Unilever and Standard Chartered PLC, both Business Fights Poverty Business Leaders Group members, have received awards at the Thomson Reuters Foundation’s annual human rights forum, Trust Conference.
Apple has been named winner of the Stop Slavery Award, which recognises businesses that have set a gold standard in efforts to eradicate forced labour from their supply chains. The Judging Board agreed that Apple’s supplier responsibility programme ‘is leading in every category’, highlighting the company’s supplier engagement, monitoring and ‘extremely robust’ audit programme, which includes annual audits and spot audits. Notably, Judges praised its wide variety of industry collaborations, the fact that it openly shared its learnings with the public and its innovative solutions to push forward its supplier responsibility programme.
The Stop Slavery Award was also presented to Unilever, who won for the outstanding leadership of its CEO, Paul Polman, in the fight to clean one of the highest risk supply chains in the world. Judges noted its ‘highly complex, global and high-risk supply chain, including the use of palm oil in many of its products’ and praised its participation in the Consumer Goods Forum, where it facilitates industry collaboration. Judges added that Unilever ‘shows a commitment to continuous improvement, especially in the palm oil industry.’
Standard Chartered PLC was Highly Commended for working directly with clients to increase awareness and address issues that may arise. Judges found its reporting to be ‘one of the most transparent of the applicant companies’ and praised its process to detect human trafficking and financial crime. The multinational banking and financial services company was also honoured for collaborating to share expertise and developing toolkits to be used within the financial industry to disrupt the financial flow to human traffickers Thai Union Group PCL also received a Highly Commended award for leading the way in protecting migrant workers’ rights and ensuring responsible recruitment. It was praised for providing training to migrant workers on their labour rights, for its grievance mechanism, and for working with government to strengthen legislation around modern slavery.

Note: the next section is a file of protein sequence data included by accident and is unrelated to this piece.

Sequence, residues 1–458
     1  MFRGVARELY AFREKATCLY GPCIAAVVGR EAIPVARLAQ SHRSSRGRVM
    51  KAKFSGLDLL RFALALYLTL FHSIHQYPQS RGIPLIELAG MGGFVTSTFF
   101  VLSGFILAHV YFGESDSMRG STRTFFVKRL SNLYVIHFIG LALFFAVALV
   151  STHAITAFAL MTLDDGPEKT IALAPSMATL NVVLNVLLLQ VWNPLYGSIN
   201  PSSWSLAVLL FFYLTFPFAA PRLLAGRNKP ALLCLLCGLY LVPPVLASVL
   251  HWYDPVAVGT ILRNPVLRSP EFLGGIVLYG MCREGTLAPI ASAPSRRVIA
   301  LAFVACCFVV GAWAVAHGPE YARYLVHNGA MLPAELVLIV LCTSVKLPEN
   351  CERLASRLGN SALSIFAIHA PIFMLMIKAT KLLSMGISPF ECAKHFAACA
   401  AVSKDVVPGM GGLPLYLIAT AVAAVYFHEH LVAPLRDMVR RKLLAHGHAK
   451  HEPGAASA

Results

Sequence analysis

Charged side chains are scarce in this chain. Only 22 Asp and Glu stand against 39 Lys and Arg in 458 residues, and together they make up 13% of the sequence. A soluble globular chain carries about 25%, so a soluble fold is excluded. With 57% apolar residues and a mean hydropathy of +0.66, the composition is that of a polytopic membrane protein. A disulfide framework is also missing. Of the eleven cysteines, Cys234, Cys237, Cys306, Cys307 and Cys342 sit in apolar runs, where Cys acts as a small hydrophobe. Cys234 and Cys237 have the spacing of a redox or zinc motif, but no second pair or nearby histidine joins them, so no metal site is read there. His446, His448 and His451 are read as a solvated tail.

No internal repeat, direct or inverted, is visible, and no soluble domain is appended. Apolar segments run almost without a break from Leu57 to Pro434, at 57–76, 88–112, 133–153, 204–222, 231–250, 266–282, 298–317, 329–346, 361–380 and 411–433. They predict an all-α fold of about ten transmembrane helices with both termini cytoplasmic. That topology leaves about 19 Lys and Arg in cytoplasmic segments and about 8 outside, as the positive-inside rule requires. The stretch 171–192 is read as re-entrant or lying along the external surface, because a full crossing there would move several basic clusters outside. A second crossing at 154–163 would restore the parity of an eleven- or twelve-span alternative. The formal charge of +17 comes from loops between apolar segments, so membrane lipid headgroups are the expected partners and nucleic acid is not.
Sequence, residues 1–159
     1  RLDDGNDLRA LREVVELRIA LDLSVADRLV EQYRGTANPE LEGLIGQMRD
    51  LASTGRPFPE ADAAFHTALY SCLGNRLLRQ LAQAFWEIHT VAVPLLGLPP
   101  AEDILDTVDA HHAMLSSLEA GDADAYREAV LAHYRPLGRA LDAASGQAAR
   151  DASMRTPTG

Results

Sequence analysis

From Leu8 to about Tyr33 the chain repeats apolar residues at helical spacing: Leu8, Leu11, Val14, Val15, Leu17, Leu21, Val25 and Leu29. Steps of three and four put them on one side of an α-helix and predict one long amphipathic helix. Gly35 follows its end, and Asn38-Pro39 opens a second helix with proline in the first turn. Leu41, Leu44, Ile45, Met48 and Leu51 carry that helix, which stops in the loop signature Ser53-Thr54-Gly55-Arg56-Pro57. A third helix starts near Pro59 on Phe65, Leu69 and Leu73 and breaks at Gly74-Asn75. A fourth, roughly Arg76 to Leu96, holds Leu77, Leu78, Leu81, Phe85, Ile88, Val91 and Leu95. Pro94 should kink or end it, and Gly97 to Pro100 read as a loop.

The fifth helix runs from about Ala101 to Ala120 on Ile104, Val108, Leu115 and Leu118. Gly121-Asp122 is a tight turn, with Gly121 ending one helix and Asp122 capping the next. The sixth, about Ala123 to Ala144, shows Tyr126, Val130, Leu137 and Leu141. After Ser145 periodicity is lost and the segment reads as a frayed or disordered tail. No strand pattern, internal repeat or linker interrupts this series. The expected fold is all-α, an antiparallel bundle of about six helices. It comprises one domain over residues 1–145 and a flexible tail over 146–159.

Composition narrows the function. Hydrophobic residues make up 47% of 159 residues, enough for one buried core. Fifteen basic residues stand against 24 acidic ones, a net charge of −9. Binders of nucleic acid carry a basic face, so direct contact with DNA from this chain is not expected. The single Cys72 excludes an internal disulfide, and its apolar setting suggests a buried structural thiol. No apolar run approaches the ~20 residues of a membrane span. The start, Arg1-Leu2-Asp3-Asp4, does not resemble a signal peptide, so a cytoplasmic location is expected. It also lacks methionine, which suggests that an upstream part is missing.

‘This year’s Award shows a giant leap in the fight against slavery,” said Monique Villa, CEO of the Thomson Reuters Foundation. “We simply cannot stamp out human trafficking and forced labour without the co-operation of the business sector.
“The fact that some of the world’s largest companies such as Apple and Unilever have demonstrated best practice in attempts to rid their vast and complex supply chains of slavery proves that other businesses really can step up their game in tackling this issue. Our winners richly deserve recognition of the progress they’ve made. We want this to continue, and to see business leaders all over the world taking action.”
About the Stop Slavery Award
All corporate winners demonstrated leading practices across eight questionnaire categories: corporate containment, accountability and transparency, responsible recruitment, supplier/customer/business partner engagement, grievance mechanisms, monitoring and corrective action and stakeholder engagement including active government engagement.
The Stop Slavery Award independent jury comprises: Kailash Satyarthi, Nobel Peace Prize Winner; Kenneth Roth, Executive Director, Human Rights Watch; Cyrus R. Vance Jr, District Attorney, New York County; John Ruggie, Professor in Human Rights and International Affairs at Harvard University’s Kennedy School of Government, Patricia Sellers, International Criminal Lawyer; Kevin Hyland, Former UK Independent Anti-Slavery Commissioner and Monique Villa, Thomson Reuters Foundation CEO.
About the Thomson Reuters Foundation
The Thomson Reuters Foundation acts to promote the highest standards in journalism and spread excellence in the practice of legal pro bono across the globe. The organisation runs initiatives that inform, connect and empower people around the world: access to free legal assistance, media development and training, editorial coverage of the world’s under-reported news, and the Trust Conference.